Ed Skoog

Being in Plays

Ethics are learned from who you sleep with

the first few times, and theater is sex,

almost. Being in it, I mean, and being young,

with a lot of group undressing

and silence in darkness, chaste

permissions of the cast party,

spiked punch in the recreation room.

I was always cast as Old Man                                                           

with tennis-shoe polish for white hair

and lines drawn where my lines now are,

forehead haiku, the eye’s briffits,

and parentheses around the muzzle.

My face was learning its worry

in quarter-smile and one-eyebrow raise.

I guess I miss it, achievement’s sense,

the way a show’s run ends

and everyone knows it together,

a social pain, like the death

of a popular imaginary friend.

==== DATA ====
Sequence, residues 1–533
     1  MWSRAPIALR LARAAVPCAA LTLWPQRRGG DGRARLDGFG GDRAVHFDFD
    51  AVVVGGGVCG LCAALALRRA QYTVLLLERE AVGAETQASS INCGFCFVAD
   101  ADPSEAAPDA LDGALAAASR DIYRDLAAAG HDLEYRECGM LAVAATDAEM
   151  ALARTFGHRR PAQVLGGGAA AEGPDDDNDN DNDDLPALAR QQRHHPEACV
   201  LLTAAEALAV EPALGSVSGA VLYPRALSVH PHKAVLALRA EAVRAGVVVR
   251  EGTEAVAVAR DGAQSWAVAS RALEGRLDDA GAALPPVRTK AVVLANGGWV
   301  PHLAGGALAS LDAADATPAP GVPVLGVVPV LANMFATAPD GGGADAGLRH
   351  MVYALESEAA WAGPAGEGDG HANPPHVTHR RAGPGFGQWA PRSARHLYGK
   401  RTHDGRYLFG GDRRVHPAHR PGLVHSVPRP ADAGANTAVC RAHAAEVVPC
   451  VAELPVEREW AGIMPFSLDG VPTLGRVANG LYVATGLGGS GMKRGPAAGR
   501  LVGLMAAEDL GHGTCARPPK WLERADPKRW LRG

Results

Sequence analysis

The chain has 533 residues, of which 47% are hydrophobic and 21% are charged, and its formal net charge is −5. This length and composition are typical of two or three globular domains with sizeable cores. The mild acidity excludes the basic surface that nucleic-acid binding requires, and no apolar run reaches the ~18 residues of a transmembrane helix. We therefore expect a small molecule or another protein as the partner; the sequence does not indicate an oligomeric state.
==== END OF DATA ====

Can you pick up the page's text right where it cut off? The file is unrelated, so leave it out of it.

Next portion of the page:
When lights between scenes dim,

I like to see actors take props off stage

or team up with stagehands to move

the built elements of our fantasy.

I hope they keep going and take

some properties home to mix in

with private dramas. I pass theaters

the way I pass churches, but like

better this foldable theater

half-constructed on page or mind.

Sometimes it gets thrown away

among receipts, but nothing’s really lost.

I carry my own props in—red telephone,

bowl of apples—and then with me

back into the unseen.

 

 

Ed Skoog

 Ed  Skoog Ed Skoog was born in Topeka, Kansas, in 1971. His poems have appeared recently in Poetry, Ploughshares, The New Republic, New Orleans Review, The Canary, Fourteen Hills, Practice, and NO: a journal of the arts. He has been a scholar at the Bread Loaf and Sewanee Writers Conferences, and won the 2005 William Faulkner Award in Poetry from the Pirate's Alley Faulkner Society. He teaches poetry at Idyllwild Arts
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